Mabatho Sedikela is one of those people who work in the public sector as an act of patriotism. She grew up in a large family in Limpopo and as the older sister, she was tasked with setting an example for her siblings. One of her responsibilities was to help her parents manage the family business. That was how she first discovered her natural talent for numbers.
A CA(SA), Mabatho also has a master’s in South African and International Taxation from the University of Johannesburg and more than ten years’ executive experience in the public sector. In 2021, she was appointed Head of Provincial Audit at the office of the Auditor-General South Africa (AGSA), where she provides strategic leadership, direction and oversight of the audit portfolio of the nine provincial business units.
When Mabatho began her articles, she was astounded by how few women were entering the profession. But when it came to black women, the stats were even more startling. ‘I had to find ways to show up as a woman, without being seen as too bossy or aggressive, but still be assertive,’ she recalls. ‘It was not easy at first, and I am grateful that I was able to have access to and be empowered by great mentors on how to contribute – first as a woman, and then as a woman of colour. Those were major challenges then, and they are still relevant today. That was why I joined the Association for the Advancement of Black Accountants of Southern Africa (ABASA).’
Mabatho started her career at Deloitte and had limited knowledge and exposure to the public sector. But at some point, she began to question what contribution she was making to the country.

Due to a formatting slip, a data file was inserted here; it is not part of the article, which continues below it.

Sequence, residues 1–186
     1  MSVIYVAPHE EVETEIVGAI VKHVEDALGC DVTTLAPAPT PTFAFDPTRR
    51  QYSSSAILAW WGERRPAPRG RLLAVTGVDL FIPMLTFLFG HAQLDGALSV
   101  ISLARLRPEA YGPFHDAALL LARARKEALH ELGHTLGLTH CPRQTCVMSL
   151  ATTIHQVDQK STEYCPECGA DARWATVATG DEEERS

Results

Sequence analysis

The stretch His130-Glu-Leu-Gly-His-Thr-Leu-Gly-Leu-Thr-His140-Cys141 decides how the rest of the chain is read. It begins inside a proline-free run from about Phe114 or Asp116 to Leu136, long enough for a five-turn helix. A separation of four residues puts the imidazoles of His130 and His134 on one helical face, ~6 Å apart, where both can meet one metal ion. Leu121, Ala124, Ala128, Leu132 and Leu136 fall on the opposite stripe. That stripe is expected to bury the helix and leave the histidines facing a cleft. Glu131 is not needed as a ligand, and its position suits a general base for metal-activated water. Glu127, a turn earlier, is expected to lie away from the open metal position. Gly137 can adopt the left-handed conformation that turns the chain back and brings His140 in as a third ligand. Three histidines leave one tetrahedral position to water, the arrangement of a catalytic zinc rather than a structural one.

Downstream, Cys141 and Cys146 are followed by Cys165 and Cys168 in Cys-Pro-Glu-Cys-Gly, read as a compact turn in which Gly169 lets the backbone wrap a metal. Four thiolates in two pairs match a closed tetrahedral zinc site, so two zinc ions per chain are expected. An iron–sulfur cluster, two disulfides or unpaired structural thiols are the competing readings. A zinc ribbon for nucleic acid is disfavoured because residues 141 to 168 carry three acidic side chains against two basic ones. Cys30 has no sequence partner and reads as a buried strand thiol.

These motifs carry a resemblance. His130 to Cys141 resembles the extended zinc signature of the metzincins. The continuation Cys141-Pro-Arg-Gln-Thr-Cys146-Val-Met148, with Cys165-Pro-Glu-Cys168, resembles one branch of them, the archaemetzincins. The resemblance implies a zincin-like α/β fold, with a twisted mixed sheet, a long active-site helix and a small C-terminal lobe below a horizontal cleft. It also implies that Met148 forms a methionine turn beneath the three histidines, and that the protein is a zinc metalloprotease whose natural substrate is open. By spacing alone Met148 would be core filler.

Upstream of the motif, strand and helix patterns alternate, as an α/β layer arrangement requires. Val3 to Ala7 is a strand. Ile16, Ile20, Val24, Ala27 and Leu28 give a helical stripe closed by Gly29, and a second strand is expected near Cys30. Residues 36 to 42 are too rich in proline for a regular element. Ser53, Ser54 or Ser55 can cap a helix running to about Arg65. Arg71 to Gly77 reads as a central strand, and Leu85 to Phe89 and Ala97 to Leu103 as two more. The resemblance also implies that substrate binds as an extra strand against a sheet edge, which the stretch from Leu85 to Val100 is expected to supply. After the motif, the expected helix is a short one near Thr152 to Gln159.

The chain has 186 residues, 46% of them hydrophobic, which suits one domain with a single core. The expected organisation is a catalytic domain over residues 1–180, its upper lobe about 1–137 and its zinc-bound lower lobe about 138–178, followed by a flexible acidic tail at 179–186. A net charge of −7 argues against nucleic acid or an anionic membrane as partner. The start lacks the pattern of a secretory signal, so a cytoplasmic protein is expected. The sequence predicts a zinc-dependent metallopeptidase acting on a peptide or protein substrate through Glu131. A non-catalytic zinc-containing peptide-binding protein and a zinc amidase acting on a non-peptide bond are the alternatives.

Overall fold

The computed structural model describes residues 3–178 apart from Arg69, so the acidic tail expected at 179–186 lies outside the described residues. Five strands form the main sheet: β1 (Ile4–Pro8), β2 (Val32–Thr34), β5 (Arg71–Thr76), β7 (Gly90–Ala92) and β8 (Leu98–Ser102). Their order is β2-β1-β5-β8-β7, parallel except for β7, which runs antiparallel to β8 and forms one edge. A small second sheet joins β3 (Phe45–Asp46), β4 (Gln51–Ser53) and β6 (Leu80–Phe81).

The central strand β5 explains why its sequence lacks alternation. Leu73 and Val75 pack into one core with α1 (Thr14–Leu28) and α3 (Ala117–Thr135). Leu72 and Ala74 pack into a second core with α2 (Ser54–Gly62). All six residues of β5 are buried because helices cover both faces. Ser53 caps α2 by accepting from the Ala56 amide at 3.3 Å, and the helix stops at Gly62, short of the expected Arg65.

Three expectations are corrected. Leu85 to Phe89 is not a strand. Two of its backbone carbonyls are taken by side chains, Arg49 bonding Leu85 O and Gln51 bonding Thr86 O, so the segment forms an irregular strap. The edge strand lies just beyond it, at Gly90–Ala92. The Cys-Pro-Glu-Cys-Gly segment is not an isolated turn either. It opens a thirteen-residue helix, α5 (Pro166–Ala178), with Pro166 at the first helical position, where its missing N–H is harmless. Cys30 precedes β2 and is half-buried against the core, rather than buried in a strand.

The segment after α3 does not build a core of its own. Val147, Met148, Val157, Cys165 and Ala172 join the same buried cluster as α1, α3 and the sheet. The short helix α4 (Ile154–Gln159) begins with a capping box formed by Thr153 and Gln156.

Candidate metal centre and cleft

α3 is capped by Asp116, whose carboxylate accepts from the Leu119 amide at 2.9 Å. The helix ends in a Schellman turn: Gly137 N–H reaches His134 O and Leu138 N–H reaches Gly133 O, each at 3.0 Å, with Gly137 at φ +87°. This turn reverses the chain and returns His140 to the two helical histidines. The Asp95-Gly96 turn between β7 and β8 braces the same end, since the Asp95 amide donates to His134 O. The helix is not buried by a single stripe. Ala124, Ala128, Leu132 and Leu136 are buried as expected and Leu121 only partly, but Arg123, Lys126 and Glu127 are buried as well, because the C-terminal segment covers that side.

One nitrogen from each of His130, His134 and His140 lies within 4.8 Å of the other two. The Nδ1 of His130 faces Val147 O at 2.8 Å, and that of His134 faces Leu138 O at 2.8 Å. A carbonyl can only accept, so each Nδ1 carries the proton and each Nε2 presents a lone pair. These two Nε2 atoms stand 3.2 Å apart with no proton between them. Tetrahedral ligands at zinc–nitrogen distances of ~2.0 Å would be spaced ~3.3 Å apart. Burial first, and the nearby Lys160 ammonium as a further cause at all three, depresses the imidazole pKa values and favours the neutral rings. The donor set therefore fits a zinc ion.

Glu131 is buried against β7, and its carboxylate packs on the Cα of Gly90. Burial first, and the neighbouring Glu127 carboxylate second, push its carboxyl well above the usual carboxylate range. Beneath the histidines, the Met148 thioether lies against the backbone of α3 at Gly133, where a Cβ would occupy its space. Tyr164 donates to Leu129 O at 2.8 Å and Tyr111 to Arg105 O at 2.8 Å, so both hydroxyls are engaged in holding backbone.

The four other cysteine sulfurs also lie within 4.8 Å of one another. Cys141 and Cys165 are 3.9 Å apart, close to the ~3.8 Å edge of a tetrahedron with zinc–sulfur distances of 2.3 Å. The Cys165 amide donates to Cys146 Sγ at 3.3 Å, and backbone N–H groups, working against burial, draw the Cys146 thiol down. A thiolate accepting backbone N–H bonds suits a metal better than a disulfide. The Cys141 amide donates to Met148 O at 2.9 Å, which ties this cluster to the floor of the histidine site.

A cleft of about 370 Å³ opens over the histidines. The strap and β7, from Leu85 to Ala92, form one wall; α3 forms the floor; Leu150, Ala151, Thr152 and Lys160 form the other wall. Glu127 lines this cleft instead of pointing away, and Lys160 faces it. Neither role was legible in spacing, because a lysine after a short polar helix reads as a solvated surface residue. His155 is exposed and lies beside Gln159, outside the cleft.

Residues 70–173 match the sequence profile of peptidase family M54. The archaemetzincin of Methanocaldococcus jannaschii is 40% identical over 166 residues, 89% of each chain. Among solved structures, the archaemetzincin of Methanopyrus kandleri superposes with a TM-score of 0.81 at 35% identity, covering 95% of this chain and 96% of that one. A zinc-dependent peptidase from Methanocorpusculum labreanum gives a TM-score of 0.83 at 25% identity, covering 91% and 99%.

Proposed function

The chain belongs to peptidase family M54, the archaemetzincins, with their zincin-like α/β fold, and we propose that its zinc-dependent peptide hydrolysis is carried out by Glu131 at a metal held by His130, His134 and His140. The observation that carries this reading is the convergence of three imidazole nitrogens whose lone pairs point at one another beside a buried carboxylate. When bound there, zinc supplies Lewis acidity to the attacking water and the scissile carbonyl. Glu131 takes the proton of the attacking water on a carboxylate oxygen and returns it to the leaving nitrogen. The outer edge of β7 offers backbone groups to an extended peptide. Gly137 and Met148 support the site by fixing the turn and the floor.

‘My dad used to say, “People fought and sacrificed their lives so you could have an education and better prospects. What are you going to give back?”. That was when I started to reflect and question whether my career in the private sector was making a meaningful contribution. Through my involvement at various ABASA forums, I started interacting and being exposed to more people in the public sector mainly from the AGSA; the organisation always scooped the awards for the biggest intake of people of colour. I was constantly being encouraged by AGSA executives to consider joining the organisation and my interest started to grow.’
Mabatho discussed a possible move with Kimi Makwethu who led the AGSA from 2013 to 2020 until his untimely passing, and who had been a partner at Deloitte before that. As one of her mentors and a leader whose opinions she respected, he was supportive of the idea. ‘He sold me a dream and I trusted him because he knew where I was coming from,’ she says. ‘He also told me that I would work harder than I could imagine but that did not scare me. All I knew was that I would be able to sit across the table and proudly tell my parents what I was doing to contribute to our democracy.’
From the start, it was apparent that working with politicians and others in government was right for her. ‘I spoke the same language as these people, I looked like them, and I could explain complex, technical matters without making the leaders feel uncomfortable because there was a sense of ease and familiarity. As an executive, I also realised that I could help to address the issue of insufficient representation of people of colour and women in this role. I have never looked back.’
She had planned to do a five-year stint at the AGSA and then return to the private sector and leverage the knowledge and experience she had gained, but her heart and mind were captured. Today, her passion for the profession is driving her to find ways to encourage universities to educate finance students about the many opportunities in the public sector.